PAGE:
Premier African Minerals (LON: PREM) has completed a share placing to raise £800,000 for the African lithium and tantalum miner. The share price has dropped 6% as a result. This isn’t a huge surprise, that stock price fall for Premier as the current price of 167 pence is the same as the placing price. Why offer to pay more for the shares when there’s that new issue to be had at that price?
What matters for the future is of course how that money is put to use and how it increases the prospects of Premier African going forwards. It’s how the market perceives matters after that is digested that provides the future valuation and the trading opportunity.
The placing for Premier was accompanied by an update to the prospects in Zimbabwe on the Zulu Project.
The big risk before this placing was that there might not be the full financing to complete the current round of exploration. That’s something that is now resolved. So, it’s possible to think that once the placing is digested by the market the share price will rise at Premier African.
Share prices at exploration stage miners like Premier are traditionally volatile. For the current valuation is based upon a fairly complex model. What’s the future income flow from the project, times the likelihood if it completing, discounted back to a net present value. Given the number of moving parts in that model slightly different assumptions for one or more stages can produce wildly different values.
This is true of all miners at this stage of the process. With this type of lithium exploration, there’s another level too. The deposit being explored here is spodumene, which is the “hard rock” source of perhaps half the world’s lithium. Tantalum is an often produced byproduct, in fact, some spodumene mines have been primarily run as tantalum sources in the past when relative prices worked that way. The interest here at Zulu is that tantalum would be a nice addition to revenues, it is lithium which is the true target.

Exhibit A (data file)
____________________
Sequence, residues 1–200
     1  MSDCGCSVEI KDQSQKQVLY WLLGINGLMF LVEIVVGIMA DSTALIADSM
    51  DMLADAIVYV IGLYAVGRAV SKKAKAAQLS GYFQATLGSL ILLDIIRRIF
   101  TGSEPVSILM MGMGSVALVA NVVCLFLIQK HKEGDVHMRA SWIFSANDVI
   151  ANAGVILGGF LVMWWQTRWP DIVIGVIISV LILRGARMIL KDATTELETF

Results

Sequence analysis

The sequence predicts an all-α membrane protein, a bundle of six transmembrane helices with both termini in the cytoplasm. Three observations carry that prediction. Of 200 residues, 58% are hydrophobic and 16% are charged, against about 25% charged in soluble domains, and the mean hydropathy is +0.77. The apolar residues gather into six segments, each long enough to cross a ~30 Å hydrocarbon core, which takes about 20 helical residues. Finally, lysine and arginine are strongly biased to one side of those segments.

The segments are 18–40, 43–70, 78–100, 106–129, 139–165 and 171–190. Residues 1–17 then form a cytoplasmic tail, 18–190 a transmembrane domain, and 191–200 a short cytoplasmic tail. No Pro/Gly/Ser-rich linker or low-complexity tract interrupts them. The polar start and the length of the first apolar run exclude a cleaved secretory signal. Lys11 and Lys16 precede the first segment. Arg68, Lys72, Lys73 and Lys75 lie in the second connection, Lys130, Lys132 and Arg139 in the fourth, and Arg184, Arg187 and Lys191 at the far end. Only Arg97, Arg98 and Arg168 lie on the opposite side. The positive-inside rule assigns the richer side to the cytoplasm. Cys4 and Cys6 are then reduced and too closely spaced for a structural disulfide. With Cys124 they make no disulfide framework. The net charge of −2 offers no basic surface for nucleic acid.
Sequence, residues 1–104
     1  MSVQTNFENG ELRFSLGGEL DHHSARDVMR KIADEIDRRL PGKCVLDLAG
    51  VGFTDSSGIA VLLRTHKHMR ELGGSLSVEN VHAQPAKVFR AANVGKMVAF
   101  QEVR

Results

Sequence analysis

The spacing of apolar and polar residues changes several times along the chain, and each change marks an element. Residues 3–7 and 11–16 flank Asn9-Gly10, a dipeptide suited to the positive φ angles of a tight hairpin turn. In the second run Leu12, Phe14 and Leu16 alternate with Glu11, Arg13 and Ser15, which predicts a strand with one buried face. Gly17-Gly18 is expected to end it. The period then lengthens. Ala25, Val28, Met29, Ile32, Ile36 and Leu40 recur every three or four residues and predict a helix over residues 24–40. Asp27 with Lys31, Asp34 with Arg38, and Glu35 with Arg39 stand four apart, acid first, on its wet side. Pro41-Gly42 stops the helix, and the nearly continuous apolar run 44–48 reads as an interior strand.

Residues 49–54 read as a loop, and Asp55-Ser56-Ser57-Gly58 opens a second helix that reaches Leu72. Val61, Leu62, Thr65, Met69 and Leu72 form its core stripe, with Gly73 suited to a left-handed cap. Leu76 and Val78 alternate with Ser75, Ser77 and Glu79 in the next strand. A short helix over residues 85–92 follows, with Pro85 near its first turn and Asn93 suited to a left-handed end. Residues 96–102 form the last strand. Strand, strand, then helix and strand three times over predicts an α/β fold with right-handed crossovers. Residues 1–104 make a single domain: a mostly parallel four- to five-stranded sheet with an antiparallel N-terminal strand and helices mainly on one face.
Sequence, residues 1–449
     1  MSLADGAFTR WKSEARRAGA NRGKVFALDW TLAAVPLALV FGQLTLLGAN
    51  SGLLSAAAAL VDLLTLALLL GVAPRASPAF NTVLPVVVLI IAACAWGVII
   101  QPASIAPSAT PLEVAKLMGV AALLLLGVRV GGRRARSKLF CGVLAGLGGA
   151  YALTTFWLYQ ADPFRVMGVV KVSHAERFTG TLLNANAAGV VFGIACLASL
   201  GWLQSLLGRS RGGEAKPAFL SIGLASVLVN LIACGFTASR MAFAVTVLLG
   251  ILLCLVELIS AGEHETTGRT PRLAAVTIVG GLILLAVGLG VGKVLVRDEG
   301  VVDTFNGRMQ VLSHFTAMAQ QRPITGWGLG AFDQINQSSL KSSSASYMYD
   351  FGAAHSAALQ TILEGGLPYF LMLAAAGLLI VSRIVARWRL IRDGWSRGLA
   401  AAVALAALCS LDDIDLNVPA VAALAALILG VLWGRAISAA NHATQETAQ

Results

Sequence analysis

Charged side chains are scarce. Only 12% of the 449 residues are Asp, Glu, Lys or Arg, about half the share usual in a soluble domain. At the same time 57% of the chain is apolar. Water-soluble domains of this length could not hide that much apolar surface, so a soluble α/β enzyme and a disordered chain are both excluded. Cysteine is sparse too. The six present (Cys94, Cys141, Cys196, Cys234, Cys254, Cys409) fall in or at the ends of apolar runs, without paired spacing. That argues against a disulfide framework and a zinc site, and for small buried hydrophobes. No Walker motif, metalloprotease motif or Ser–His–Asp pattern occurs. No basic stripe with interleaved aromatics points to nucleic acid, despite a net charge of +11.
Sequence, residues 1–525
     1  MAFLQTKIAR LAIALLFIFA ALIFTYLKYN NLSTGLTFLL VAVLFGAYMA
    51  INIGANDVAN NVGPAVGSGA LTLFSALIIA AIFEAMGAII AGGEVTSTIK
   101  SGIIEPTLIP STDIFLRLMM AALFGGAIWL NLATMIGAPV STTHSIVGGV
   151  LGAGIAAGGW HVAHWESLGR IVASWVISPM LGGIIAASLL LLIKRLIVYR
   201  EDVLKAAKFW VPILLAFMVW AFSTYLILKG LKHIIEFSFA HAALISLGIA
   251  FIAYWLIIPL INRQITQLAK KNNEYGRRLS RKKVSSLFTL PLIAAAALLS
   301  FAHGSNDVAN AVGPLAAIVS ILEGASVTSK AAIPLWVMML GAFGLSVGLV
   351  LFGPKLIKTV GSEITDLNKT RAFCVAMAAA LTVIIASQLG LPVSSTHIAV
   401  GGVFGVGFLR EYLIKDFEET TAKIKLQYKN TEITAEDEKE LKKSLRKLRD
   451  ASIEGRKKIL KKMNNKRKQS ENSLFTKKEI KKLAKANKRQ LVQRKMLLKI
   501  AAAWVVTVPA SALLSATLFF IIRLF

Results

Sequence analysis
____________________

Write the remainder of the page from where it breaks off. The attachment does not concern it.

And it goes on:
However, brines – salt waters – are the source of the other half of global lithium supply. Advances or changes in technology there could impact the viability of spodumene projects. Without, sadly, increasing the viability of the hard rock sources. It’ll be the other half of the global industry that benefits from technical exchanges in brine extraction that is. This adds another complexity to the valuation of spodumene projects like this Zulu one that Premier is currently working upon.
Note that this isn’t a problem, it’s just something that adds to the valuation model and thus increases the number of moving parts in it. That adds to the implied volatility of the Premier African share price going forward.
Any real action in the Premier African Minerals share price is likely to be after the news of the placing has been digested and all the stock firmly placed. Once that possible overhang is gone then the valuation will return to thinking about that net present value of future revenue flows.
Premier African Minerals shares are traded on the London stock exchange's AIM market (the alternative investment market), which is the submarket specifically for smaller companies. AIM stocks are attractive to investors as they have tax advantages and smaller companies have the potential to benefit from rapid growth. But are PREM shares the best buy? Our stock market analysts regularly review the market and share their picks for high growth companies
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Tim Worstall is a freelance writer specialising in economics and the financial markets.